What are Wood Gutters?

Jessica Reed
Jessica Reed

Wood gutters are an older type of gutter installed on the edges of roofs to channel water away from the house and carry it to a safe location for it to run down a downspout and absorb into the ground. Early homes used wood gutters, but the advancements of technology led to the discovery of more efficient gutter materials such as metal and plastic. Wood requires a significant amount of maintenance and upkeep. Wood gutters may drain slower, rot from the water, or sag and fall down if not properly installed and maintained. For these reasons, homeowners typically limit the use of wood gutters to older homes where they may wish to keep up the authentic or hand-built appearance.

The main advantage of wood gutters lies in their unimposing appearance. They can create a quaint, charming home and work well when recreating historic or old houses where the owner wants to keep the traditional look and design alive. Wood gutters may also blend into the house naturally instead of standing out as metal or vinyl gutters tend to do when pared with a country or rustic architectural style.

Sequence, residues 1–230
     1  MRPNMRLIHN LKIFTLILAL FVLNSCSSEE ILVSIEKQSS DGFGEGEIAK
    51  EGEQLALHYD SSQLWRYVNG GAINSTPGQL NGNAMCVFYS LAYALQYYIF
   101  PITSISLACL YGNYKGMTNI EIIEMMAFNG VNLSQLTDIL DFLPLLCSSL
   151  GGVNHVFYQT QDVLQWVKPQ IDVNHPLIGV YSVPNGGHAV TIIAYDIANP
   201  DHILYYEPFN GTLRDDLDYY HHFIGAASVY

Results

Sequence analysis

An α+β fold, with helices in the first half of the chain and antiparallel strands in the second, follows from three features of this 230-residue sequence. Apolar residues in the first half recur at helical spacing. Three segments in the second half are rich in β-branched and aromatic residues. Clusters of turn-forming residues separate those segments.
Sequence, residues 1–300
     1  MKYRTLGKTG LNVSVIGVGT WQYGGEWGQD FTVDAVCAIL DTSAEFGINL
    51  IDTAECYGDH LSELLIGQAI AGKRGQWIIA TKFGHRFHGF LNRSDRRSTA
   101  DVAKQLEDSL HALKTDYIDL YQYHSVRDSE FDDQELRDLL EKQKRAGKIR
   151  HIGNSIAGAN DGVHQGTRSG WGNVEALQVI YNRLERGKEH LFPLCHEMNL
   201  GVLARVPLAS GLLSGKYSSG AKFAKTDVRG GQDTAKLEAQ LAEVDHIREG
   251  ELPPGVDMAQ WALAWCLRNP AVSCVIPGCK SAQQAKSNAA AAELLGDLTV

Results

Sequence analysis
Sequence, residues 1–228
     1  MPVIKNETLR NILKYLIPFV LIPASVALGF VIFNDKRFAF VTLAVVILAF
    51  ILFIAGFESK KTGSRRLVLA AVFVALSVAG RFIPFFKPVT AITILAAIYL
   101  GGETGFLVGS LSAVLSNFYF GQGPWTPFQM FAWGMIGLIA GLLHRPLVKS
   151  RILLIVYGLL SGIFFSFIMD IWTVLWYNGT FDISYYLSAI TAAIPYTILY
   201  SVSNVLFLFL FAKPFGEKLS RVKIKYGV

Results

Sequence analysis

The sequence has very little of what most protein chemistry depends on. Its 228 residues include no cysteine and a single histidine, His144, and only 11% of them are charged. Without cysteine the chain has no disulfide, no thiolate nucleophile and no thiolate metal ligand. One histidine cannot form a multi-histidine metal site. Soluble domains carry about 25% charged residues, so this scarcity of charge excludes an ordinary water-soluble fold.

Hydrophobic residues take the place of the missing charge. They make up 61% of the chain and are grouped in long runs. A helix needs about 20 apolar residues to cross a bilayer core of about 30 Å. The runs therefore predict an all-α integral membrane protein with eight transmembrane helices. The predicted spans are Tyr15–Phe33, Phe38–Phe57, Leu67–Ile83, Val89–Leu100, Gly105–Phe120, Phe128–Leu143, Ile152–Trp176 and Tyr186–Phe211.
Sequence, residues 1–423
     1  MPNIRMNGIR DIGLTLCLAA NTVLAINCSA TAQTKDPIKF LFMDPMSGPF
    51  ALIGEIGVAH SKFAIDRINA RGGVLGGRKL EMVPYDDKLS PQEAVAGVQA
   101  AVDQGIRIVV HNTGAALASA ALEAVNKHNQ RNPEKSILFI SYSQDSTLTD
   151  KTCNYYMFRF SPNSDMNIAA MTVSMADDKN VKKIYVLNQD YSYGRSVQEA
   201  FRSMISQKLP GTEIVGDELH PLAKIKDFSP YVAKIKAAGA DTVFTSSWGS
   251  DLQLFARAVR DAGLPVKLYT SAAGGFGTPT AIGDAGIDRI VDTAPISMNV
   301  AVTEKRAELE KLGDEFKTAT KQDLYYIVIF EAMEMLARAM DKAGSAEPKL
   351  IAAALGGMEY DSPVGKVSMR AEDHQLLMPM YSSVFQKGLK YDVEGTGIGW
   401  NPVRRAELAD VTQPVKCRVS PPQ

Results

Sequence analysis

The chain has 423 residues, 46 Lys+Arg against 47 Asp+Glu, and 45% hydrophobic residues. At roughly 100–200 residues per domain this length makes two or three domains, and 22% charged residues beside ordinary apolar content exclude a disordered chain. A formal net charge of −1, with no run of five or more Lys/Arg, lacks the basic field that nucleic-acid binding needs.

Despite the pleasing look, wood gutters do have several disadvantages. Since wood is heavy, proper installation and constant maintenance is needed to ensure the gutters don’t come loose. Sealing with a primer or coat of paint is required at least once a year to slow down the process of rotting. Cleaning the gutters out will also prevent a buildup of leaves and debris which can trap and collect water. The rough texture of many wooded gutters causes the water to run slower through them than a smooth metal surface and, as a result, the gutters need extra cleaning to ensure they function properly.

A homeowner who wants to invest in wood gutters should first check for a reputable installer for putting up the gutters. The price is higher than many other gutter types and can range from $10 to $20 US Dollars (USD) per linear foot. The homeowner should add in the cost of time and maintenance to decide if she can keep her gutters in top shape. If she decides wood is not the right material for her, she can consider a dark color metal to blend in with the home almost as well as wood.

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